Microcystin-producing blooms-a serious global public health issue
.
Ecotox. Environ. Safe
59
,
151
163
.
Environmental Protection Agency (EPA)
1986
EPA Method 8310, Polynuclear Aromatic Hydrocarbons, EPA, Washington, DC, USA, 8310-1-8310-13
.
Geinoz
S.
Rey
S.
Boss
G.
Bunge
A. L.
Guy
R. H.
Carrupt
P. A.
Reist
M.
Testa
B.
2002
Quantitative structure-permeation relationships for solute transport across silicone membranes
.
Pharm. Res.
19
(
11
),
1622
1629
.
Harada
K. I.
Tsuji
K.
Watanabe
M. F.
1996
Stability of microcystins from cyanobacteria—III. Effect of pH and temperature
.
Phycologia 35
6
,
83
88
.
Huckins
J. N.
Manuweera
G. K.
Petty
J. D.
Mackay
D.
Lebo
J. A.
1993
Lipid-containing semipermeable membrane devices for monitoring organic contaminants in water
.
Environ. Sci. Technol.
27
,
2489
2496
.
ISO20179
.
2005
Water quality: determination of microcystin-method by solid phase extraction (SPE) and high performance liquid chromatography (HPLC) with ultraviolet (UV) detection. ISO, Geneva, Switzerland.
Jones
G.
Falconer
I. R.
Wilkins
R. M.
1995
Persistence of cyclic peptide toxins in dried Microcystis aeruginosa crusts from Lake Mokoan, Australia
.
Environ. Toxicol. Water Qual.
10
(
1
),
19
24
.
Jönsson
J. Å.
Mathiasson
L.
1999
Liquid membrane extraction in analytical sample preparation: II. Applications
.
Trend. Anal. Chem.
18
,
325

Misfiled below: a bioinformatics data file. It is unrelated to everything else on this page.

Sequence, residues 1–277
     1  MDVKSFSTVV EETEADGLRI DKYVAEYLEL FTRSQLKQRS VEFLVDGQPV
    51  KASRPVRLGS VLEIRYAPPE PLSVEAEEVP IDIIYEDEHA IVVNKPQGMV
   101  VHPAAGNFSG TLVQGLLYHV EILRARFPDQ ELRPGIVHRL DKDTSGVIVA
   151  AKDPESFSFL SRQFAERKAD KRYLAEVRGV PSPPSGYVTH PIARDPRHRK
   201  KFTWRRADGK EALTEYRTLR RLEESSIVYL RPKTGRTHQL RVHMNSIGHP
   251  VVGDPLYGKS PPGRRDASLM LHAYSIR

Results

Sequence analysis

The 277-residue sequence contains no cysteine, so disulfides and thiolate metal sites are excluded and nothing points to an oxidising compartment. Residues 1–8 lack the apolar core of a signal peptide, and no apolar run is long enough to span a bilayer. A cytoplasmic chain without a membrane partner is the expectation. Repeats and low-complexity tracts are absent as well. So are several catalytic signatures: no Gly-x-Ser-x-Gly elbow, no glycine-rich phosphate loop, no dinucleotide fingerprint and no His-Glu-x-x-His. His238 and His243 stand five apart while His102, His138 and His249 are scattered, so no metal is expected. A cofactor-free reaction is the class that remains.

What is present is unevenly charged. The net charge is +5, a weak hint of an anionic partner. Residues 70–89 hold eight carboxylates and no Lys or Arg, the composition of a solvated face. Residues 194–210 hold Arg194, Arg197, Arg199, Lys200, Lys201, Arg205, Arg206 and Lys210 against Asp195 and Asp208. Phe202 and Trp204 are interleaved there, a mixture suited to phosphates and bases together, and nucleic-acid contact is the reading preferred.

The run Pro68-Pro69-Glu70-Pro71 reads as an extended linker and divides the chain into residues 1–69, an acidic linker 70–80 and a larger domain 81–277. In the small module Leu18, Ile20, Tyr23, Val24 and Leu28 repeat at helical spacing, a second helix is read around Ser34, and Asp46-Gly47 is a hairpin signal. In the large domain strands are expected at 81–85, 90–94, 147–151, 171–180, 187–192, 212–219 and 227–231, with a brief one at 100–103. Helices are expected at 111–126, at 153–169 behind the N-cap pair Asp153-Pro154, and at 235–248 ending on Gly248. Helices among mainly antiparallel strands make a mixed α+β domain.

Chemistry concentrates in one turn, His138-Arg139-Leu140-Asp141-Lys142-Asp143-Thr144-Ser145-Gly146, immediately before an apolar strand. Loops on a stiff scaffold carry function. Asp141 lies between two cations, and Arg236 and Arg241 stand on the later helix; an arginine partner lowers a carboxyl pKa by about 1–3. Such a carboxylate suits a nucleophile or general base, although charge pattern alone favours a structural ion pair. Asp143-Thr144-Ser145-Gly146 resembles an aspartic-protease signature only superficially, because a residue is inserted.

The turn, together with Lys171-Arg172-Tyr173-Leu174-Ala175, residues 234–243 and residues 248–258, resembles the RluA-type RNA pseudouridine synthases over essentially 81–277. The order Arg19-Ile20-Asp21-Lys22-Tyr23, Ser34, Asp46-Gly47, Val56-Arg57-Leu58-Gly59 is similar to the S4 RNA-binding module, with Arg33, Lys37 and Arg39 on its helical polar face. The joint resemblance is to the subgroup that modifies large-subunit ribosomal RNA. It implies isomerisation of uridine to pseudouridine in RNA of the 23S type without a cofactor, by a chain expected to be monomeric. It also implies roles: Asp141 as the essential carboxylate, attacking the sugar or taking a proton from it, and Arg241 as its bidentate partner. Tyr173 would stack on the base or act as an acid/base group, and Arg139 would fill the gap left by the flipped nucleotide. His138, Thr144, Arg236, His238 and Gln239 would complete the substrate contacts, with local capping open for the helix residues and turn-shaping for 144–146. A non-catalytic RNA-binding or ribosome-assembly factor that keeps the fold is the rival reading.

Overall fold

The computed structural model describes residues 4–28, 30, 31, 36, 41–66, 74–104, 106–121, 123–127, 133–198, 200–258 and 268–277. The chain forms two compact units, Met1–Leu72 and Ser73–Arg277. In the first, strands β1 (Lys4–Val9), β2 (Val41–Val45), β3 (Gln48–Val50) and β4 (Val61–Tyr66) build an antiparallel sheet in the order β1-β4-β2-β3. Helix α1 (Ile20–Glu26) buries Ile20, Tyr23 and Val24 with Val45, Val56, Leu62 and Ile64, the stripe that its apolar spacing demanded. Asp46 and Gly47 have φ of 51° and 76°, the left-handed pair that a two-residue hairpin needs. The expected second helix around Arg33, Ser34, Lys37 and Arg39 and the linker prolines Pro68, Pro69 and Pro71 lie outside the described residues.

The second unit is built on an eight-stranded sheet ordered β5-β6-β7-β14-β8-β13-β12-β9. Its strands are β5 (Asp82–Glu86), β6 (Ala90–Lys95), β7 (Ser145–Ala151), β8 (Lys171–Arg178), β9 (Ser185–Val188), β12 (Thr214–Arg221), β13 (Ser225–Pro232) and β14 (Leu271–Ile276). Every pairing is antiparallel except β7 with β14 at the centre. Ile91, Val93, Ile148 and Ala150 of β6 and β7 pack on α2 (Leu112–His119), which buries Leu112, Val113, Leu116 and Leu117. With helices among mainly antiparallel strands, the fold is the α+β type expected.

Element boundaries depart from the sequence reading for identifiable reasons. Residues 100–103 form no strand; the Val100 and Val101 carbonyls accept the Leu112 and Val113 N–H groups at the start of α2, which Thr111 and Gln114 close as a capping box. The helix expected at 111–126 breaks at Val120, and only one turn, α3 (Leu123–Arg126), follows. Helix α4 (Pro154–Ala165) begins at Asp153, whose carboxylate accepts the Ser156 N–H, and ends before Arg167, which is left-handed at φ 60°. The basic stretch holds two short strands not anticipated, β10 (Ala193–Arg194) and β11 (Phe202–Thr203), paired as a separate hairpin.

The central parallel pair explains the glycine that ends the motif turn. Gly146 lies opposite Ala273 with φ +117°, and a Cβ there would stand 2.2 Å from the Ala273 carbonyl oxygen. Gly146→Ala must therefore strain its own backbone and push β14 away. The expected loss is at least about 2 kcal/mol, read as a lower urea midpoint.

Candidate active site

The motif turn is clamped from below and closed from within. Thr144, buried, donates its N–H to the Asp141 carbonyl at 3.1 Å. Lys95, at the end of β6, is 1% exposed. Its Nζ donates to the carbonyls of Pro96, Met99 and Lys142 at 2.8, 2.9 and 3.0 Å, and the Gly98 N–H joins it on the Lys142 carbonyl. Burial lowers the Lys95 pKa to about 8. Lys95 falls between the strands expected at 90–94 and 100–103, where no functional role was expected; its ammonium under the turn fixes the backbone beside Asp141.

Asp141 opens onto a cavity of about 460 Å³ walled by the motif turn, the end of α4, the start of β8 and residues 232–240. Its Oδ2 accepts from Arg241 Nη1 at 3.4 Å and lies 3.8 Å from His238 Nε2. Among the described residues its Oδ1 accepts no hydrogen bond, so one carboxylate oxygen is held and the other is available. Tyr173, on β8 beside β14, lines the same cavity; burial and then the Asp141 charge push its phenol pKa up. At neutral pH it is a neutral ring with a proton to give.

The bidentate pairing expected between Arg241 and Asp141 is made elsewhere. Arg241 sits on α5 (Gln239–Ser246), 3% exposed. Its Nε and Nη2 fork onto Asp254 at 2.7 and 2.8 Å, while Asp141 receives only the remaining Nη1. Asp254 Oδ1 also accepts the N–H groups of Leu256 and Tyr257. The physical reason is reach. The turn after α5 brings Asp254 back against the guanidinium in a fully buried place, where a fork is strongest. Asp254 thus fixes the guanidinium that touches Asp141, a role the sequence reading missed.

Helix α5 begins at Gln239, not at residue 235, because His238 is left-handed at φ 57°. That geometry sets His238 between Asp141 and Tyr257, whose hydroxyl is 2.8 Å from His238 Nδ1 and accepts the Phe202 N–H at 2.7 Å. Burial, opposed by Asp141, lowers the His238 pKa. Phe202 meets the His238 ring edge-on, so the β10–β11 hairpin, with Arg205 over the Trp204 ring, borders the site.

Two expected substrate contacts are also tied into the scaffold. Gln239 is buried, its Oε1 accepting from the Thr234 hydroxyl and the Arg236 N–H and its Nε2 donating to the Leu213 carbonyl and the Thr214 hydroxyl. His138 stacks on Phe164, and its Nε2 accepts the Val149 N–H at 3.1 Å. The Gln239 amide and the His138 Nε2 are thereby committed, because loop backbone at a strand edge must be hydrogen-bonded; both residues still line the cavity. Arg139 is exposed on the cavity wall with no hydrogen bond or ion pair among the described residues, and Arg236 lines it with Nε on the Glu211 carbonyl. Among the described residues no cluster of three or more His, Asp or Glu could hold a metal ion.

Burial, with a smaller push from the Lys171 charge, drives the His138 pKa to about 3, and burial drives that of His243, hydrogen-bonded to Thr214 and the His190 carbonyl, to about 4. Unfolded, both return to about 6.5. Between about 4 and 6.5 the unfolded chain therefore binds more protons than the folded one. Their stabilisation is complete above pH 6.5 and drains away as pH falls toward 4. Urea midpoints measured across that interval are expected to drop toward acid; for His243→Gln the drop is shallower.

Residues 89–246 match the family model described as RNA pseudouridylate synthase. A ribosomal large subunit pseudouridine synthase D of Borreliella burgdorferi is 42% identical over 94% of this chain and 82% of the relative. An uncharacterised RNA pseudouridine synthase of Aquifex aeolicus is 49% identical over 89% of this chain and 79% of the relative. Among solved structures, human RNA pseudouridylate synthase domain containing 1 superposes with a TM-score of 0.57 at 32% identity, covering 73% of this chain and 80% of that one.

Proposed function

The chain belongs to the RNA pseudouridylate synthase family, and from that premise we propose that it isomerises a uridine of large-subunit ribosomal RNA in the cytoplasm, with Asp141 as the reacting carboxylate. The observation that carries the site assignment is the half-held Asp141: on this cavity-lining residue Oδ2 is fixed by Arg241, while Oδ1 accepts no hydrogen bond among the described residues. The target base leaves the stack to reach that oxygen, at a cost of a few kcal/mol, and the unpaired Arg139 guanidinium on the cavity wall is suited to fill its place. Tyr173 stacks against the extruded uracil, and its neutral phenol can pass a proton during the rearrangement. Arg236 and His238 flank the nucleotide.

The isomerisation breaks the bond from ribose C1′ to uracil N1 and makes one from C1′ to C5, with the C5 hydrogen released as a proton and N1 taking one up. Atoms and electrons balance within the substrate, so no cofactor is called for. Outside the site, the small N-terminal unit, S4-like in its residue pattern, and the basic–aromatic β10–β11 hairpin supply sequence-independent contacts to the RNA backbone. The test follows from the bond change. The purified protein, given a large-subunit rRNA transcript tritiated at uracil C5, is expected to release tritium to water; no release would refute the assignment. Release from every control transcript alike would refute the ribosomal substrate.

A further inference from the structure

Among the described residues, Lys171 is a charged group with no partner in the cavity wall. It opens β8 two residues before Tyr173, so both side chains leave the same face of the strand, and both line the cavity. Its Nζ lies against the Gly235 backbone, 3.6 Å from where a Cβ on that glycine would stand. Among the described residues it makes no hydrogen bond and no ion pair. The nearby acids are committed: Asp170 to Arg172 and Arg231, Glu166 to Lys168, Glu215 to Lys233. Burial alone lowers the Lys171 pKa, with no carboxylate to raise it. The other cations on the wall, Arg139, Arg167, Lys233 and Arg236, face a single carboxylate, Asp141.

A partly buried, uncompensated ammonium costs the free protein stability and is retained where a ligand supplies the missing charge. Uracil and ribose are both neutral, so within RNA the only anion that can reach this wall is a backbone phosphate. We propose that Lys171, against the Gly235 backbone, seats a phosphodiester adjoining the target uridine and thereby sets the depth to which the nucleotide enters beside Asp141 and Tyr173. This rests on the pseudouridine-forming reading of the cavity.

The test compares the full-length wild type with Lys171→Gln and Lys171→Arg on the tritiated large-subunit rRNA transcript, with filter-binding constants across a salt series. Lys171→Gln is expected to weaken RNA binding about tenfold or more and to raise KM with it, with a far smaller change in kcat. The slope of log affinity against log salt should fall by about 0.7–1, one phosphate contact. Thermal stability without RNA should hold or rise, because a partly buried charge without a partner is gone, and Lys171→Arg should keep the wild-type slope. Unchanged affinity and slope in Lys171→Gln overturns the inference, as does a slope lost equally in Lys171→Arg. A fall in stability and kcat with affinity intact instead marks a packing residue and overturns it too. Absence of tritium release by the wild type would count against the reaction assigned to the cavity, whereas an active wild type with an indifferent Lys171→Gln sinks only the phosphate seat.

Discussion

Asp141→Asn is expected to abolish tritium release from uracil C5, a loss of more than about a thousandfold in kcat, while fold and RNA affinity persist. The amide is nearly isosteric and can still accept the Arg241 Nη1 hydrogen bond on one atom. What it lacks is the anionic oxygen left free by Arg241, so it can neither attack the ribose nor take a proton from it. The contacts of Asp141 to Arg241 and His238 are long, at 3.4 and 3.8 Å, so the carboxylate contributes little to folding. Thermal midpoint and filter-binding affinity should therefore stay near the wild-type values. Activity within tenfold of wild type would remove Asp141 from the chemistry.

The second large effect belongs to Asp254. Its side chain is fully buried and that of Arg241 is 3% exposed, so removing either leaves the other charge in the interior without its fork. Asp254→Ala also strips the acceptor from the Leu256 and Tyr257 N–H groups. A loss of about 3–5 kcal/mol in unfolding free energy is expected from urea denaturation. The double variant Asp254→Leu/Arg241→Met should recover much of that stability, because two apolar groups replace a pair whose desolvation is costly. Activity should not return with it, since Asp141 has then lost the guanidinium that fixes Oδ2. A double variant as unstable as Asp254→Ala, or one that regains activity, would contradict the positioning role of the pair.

334
.
Namiesnik
J.
Zabiega
B.
Kot-Wasik
A.
Partyka
M.
Wasik
A.
2005
Passive sampling and/or extraction techniques in environmental analysis: a review
.
Anal. Bioanal. Chem.
381
,
279
301
.
Paschke
A.
Schwab
K.
Brümmer
J.
Schüürmann
G.
Paschke
H.
Popp
P.
2006
Rapid semi-continuous calibration and field test of membrane enclosed silicone collector as passive water sampler
.
J. Chromatogr. A
1124
,
187
195
.
Petty
J. D.
Huckins
J. N.
Alvarez
D. A.
Brumbaugh
W. G.
Cranor
W. L.
Gale
R. W.
Rastall
A. C.
Jones-Lepp
T. L.
Leiker
T. J.
Rostad
C. E.
Furlong
E. T.
2004
A holistic passive integrative sampling approach for assessing the presence and potential impacts of waterborne environmental contaminants
.
Chemosphere
54
,
695
705
.
Rapala
J.
Lahti
K.
Rasanen
L. A.
Esala
A. L.
Niemela
S. I.
Sivonen
K.
2002
Endotoxins associated with cyanobacteria and their removal during drinking water treatment
.
Water Res.
36
,
2627
2635
.
Rapala
J.
Berg
K. A.
Lyra
C.
Niemi
R. M.
Manz
W.
Suomalainen
S.
Paulin
L.
Lahti
K.
2005
Paucibacter toxinivorans gen. nov., sp. nov., a bacterium that degrades cyclic cyanobacterial hepatotoxins microcystins and nodularin
.
Int. J. Syst. Evol. Microbiol. 55
4
,
1563
1568
.
Tsuji
K.
Watanuki
T.
Kondo
F.
Watanabe
M. F.
Suzuki
S.
Nakazawa
H.
Suzuki
M.
Uchida
H.
Harada
K. I.
1995
Stability of microcystins from cyanobacteria – II. Effect of UV light on decomposition and isomerization
.
Toxicon
33
(
12
),
1619
1631
.
USEPA
2005
Fact sheet: The drinking water contaminant candidate list – The source of priority contaminants for the drinking water program, EPA 815-F-05–001. Office of Water, United States Environmental Protection Agency, Washington, DC.
Vrana
B.
Mills
G. A.
Allan
I. J.
Dominiak
E.
Svensson
K.
Knutsson
J.
Morrison
G.
Greenwood
R.
2005
Passive sampling techniques for monitoring pollutants in water
.
Trends Anal. Chem.
24
,
845
848
.
WHO
1998
Guidelines for drinking water quality
.
World Health Organization
,
Geneva
.
WHO
1999
Toxic Cyanobacteria in Water: A guide to their public health consequences, monitoring and management
.
Routledge
,
London and New York
.